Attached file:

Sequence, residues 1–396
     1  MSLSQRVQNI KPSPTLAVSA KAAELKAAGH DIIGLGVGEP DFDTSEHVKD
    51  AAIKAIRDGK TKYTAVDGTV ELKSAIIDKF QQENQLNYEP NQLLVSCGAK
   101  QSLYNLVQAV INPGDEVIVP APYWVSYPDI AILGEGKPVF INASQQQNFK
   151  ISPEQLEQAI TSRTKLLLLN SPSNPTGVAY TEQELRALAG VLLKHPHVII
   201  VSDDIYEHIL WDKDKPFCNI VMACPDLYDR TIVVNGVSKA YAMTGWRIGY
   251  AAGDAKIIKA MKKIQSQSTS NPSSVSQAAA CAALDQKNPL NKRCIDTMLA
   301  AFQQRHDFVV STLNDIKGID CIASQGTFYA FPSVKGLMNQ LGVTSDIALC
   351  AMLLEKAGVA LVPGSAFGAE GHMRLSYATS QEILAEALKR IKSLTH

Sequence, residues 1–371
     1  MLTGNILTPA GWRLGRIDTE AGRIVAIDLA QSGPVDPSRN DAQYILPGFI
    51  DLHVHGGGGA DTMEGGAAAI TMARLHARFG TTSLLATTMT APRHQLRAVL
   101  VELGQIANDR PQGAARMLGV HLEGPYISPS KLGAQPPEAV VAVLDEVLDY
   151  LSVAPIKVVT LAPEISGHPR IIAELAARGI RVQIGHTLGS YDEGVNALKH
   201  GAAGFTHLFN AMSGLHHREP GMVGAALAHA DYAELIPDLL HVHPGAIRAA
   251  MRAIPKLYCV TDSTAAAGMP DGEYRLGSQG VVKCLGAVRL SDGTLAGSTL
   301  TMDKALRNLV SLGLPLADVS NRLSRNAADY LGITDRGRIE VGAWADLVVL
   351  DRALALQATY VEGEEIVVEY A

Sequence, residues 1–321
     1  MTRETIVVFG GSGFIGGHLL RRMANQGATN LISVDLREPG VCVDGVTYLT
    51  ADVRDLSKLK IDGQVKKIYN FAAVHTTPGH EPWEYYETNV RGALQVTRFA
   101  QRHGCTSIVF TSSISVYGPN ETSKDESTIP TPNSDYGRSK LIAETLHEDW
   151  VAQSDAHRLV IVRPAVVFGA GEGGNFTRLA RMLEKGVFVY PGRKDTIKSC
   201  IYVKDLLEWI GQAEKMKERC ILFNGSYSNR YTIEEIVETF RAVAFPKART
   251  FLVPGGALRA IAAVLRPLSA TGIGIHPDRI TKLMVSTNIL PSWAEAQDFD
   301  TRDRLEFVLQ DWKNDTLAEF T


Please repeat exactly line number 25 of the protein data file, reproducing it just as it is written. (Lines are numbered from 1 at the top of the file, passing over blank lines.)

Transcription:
   251  FLVPGGALRA IAAVLRPLSA TGIGIHPDRI TKLMVSTNIL PSWAEAQDFD